Luke 3:23-38: Children of God

Read: Luke 3:23-38

Two genealogies of Jesus appear in the New Testament: one in Luke and the other in Matthew 1:1-17. Genealogies can be boring, but usually within the genealogy there are little nuggets that the chronologist will inject into the in the genealogy to make a point. Luke does this as well First, he notes that Jesus is the “supposed” son of Joseph. This is a round about way of affirming the virgin birth of Jesus (as he was conceive d by the Holy Spirit), a nod to the fact that God the Father had just affirmed Jesus as his son (Luke 3:22), reaffirming what the angel told Mary (Luke 1:35), and also reaffirms what Jesus said when he acknowledge God the Father as his father when he was at the temple (Luke 2:49). But in keeping with tradition, Luke lists Joseph as his earthly father and traces the genealogy from there. Second, which is a curious thing, is that Luke calls Adam the the “son of God”. Adam was not divine, rather he was created (Genesis 2:7). John calls Jesus the “begotten son” of God (John 3:16). Likewise, Adam is the father of all those who sin, which results in death while Jesus is the one who brings life (Romans 5:12-19, 1 Corinthians 15:20-49).

An issue specific to the genealogies in New Testament surrounds the differences between the genealogies Matthew and Luke. Luke has Jesus as a Son of David by way of David’s son Nathan while Matthew has Jesus coming through the line of Solomon. A difference though does not imply a contradiction, but the reason for the difference is also unknown. Given what is known about the books, the difference may have to do with the purpose of each book. Matthew’s gospel was written to Jews, so it was important for Jesus to come from the royal line in order to be the rightful heir to the throne of David and the genealogy goes back to Abraham. Luke’s gospel was written to a Gentile so the emphasis was on the global aspect so he goes all the way back to Adam. Without more insight and evidence, the reason for the differences is likely to remain unresolved, but nevertheless it does not diminish the veracity or the points made in the genealogies.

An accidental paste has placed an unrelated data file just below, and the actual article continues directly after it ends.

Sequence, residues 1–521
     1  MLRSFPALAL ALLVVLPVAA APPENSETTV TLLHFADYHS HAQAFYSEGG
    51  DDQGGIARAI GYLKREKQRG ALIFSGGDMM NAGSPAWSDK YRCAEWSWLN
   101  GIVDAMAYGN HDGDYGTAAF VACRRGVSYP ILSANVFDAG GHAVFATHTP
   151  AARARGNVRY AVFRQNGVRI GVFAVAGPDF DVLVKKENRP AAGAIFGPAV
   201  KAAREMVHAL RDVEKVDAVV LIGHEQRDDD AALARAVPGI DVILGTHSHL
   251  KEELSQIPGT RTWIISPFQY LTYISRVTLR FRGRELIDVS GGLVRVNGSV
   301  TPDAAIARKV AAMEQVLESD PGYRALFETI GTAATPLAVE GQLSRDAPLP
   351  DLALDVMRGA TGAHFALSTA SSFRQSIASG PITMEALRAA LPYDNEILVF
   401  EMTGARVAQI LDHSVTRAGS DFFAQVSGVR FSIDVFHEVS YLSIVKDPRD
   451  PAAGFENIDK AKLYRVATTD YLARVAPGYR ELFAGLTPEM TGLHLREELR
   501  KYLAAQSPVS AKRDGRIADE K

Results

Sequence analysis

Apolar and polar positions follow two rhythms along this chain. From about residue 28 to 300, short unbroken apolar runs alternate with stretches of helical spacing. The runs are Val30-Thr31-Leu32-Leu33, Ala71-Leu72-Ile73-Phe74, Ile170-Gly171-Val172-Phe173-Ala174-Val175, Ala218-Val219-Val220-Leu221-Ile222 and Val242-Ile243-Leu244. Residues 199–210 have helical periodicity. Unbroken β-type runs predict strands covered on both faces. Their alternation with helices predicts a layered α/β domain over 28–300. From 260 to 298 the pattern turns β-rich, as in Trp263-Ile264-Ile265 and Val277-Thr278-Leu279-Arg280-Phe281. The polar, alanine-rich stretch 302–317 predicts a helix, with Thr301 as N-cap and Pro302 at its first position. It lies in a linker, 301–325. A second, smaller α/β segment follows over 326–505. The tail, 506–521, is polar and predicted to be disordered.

What we can affirm from Luke’s genealogy is that Jesus is indeed the one begotten Son of God who came into the world by unusual means. His mission was to bring life by overcoming the death that had been brought into the world by Adam. For those that will believe in Jesus, they too can become “children of God” through adoption (Romans 8:14-23). While Christians have earthly parents, the parentage that one can claim is God the Father. It’s a good reminder that no matter how good or how bad one’s earthly parents may be, one can live in a loving relationship with God as Father. In the same manner, knowing how God loves his own children, parents ought to love their children too, looking to God as the model parent and be an advocate for those who don’t have parents.

Lord, I rejoice that am your child!

Luke 2:39-40: “According to the Law of the Lord”

Read: Luke 2:39-40

Two verses sum up the first 12 years of Jesus’ life on earth, but these two short verses in their context speak volumes about Jesus as a child. Jesus was born into a family with God-fearing parents. His earthly parents were meticulous about following the laws and customs of the Jewish people as demonstrated by their presentation of Jesus at the temple as an infant and their yearly pilgrimage to Jerusalem. Luke notes the Jesus as a boy grew strong and was filled with wisdom, which greatly impressed the scribes at the temple later in his life (Luke 2:47). Luke also notes that God’s favor was on him. Naturally, this should be expected being that Jesus was God incarnate, nevertheless Jesus was also a human being that had the same challenges people struggle with, including learning.

It seems that through God’s providence, Jesus was placed in a God-fearing home so that he would indeed fulfill the Law of God. Jesus parents were instrumental in this in that because of their obedience to the law, Jesus was able to fulfill the law and was taught the law from a young age onward similar  to when Jesus underwent baptism to “fulfill all righteousness” (Matthew 3:13-15). By fulfilling the Law, Jesus was able to be the perfect and final sacrifice for sin to all who believe (Matthew 5:17-18, Hebrews 10:3-12). When Jesus commanded his disciples to make disciples of all nations, part of the command is to teach the disciples to obey what he commanded.

Jesus’ fulfillment of the law made him the ultimate example to follow. He also had the authority to make the command to make disciples and that command was obeyed by his disciples onward. Part of disciple making involves parents teaching their children to obey the ways of God as Joseph and Mary did with Jesus. The Bible speaks to this in a number of places: Deuteronomy 4:9, Deuteronomy 6:7, Psalm 78:1-8, Proverbs 4, Proverbs 22:6, Proverbs 29:17, Ephesians 6:4, Hebrews 12:7-10. Statistics show that when both parents are involved in the spiritual upbringing of a child, that child is more likely to follow in their parent’s footsteps in do the same. It may be hard at times, but the fulfillment of a spiritual upbringing is both life to the child and a blessing for the parent!

Lord, help me to teach those in my care to obey what I have been taught to obey!